The misdirection in this accusation has been breathtakingly impressive. First, it was not that long ago when there was open protest and a ‘throwing under the bus’ of the Intelligence Community for it supposedly having too much of a political role in determining whether or not America should have gone to war in Iraq. The Intelligence Community at the time rightfully protested what was a fundamental misunderstanding by the American public as to what its true function in American democracy was supposed to be: namely, the IC is to collect information, assess and evaluate the data, and present the report findings to actual policy-makers who are then charged with deciding what they wish to do with it. Under no circumstance in the entire history of the American Intelligence Community has there ever been a clamor, from the public or the IC itself, for intelligence professionals to be the ones to exclusively commandeer or determine foreign policy. The mere thought that it may have come close to doing that in a subtle and quiet way in Iraq back in 2003 made the entire country apoplectic with the supposed breakdown of our system of checks and balances. Now apparently, because it is Trump, the public’s desire is to do that very thing. It should be noted that the Intelligence Community has been the only player in this political charade to respectfully remind people that it seeks no policy-making role and only has a responsibility to report findings to the President-elect and at that point it is the privilege and responsibility of the President-elect to do with the reports whatever he deems best.

Finally, a comment really needs to be made about that so-called mountain of evidence proving ‘Russian interference.’ I have written extensively on this before so I will not repeat comments already made. But what does need to be emphasized is the innate danger the Democratic Party is crafting for its future political campaigns if it continues to ever more heavily lean on the Russian bogeyman as an explanation as to why it lost to Trump in 2016. The Russians almost certainly conducted some shady maneuvers that amounted to a semi-effective PAC ad campaign against Clinton. They did this because they were worried that Hillary was undoubtedly going to be the winner and her positions for several years had been decidedly and very publicly anti-Russian. Attempting to besmirch and weaken her ‘incoming mandate’ was not only wise, it was politically necessary from a Russian foreign policy perspective. But that interference did not rig voting machines or intimidate voters from participating in important swing states across America. It simply is not proven that Clinton lost because of the Russians. The important subtext in the IC reporting de facto makes note of this. But the increasing importance Democrats are placing on this issue, as if they have in fact proven it when they haven’t, only means they are looking for expedient escapism so as to not face their own flawed approach to the presidential campaign.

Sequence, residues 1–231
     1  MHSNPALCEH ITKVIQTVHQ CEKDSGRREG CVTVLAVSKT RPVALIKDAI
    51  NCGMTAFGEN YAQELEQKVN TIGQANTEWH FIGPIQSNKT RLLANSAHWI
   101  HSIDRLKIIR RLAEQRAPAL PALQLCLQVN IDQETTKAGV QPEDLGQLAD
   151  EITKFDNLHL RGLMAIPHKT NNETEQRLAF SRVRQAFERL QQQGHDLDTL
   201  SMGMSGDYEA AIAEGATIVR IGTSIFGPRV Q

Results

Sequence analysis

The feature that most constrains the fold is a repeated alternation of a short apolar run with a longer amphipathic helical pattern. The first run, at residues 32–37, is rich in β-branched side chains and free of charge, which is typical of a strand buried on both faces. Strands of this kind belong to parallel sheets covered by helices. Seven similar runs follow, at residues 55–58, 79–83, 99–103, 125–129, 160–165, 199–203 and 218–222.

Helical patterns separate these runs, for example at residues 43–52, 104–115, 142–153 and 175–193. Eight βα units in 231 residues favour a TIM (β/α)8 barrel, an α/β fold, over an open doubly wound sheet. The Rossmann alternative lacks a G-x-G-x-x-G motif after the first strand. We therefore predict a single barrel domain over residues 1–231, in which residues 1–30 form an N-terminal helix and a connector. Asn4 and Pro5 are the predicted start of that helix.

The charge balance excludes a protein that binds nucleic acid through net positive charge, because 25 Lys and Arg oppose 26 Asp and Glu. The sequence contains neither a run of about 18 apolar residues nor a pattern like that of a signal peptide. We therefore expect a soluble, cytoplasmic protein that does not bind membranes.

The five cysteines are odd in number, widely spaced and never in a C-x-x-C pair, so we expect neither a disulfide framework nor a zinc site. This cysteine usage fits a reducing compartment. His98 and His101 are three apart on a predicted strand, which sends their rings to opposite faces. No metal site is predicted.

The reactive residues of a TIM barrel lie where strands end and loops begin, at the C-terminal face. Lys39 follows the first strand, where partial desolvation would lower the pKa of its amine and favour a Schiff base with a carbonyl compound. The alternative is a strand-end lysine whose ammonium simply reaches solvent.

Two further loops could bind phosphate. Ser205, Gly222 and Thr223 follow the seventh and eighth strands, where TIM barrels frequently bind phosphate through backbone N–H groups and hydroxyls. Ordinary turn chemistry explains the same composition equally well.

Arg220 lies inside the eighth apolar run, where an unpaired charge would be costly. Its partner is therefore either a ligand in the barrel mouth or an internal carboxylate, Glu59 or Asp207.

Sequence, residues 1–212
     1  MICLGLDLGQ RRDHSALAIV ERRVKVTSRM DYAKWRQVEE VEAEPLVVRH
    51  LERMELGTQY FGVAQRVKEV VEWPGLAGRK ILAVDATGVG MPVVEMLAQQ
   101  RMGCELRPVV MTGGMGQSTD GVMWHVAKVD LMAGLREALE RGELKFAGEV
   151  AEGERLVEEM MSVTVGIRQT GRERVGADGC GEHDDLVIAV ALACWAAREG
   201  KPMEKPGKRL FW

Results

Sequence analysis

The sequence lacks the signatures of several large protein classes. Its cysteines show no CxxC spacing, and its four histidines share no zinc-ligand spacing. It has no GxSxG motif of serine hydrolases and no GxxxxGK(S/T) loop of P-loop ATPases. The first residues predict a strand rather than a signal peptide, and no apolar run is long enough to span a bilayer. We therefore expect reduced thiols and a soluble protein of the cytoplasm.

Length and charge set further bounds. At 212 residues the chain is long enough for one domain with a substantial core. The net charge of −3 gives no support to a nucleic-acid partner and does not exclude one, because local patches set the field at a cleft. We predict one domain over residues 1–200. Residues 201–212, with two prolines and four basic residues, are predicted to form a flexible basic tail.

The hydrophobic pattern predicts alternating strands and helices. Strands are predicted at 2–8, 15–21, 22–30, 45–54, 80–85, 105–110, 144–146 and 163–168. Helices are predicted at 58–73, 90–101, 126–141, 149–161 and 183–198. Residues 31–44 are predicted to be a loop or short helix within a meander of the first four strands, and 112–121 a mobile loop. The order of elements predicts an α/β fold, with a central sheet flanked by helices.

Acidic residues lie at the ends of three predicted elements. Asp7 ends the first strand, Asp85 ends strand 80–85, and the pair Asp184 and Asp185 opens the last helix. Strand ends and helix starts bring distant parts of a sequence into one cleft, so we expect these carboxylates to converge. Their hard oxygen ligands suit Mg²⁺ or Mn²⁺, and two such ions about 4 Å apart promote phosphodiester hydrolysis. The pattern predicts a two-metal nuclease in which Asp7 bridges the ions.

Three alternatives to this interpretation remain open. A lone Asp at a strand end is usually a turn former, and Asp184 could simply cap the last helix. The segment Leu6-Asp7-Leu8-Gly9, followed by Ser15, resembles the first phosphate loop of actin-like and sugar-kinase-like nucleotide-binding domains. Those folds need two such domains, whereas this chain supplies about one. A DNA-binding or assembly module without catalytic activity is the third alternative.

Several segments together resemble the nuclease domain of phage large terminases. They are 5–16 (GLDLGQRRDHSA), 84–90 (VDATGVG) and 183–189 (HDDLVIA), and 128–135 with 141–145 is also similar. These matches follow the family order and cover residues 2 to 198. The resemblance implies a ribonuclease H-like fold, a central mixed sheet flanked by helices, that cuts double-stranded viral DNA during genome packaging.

6. Trump breaks a central campaign promise to make Mexico pay for the wall by asking Congress (in other words, the American taxpayers) to pay for it.

This last entry is symbolic because it represents at least a dozen other issue points Trump spoke to on the campaign trail and has subsequently walked back since being elected. What’s odd is the progressive outcry about it. Since almost the entire Trump platform, point by point, was ridiculed and reviled by the Left in America during the campaign, you would think walking those points back would only mean progressives, liberals, libertarians, and moderate Republicans en masse could breathe a sigh of relief. After all, Trump KEEPING his campaign promises is what was repeatedly considered the political End of Times for these groups. Trump breaking most if not all of his campaign promises should therefore be a blessing. And yet it is not. It is instead used as another stimulus to enable garment-renting, hand-wringing anti-Trump kvetching, the intensity of which has perhaps never been seen in political America before.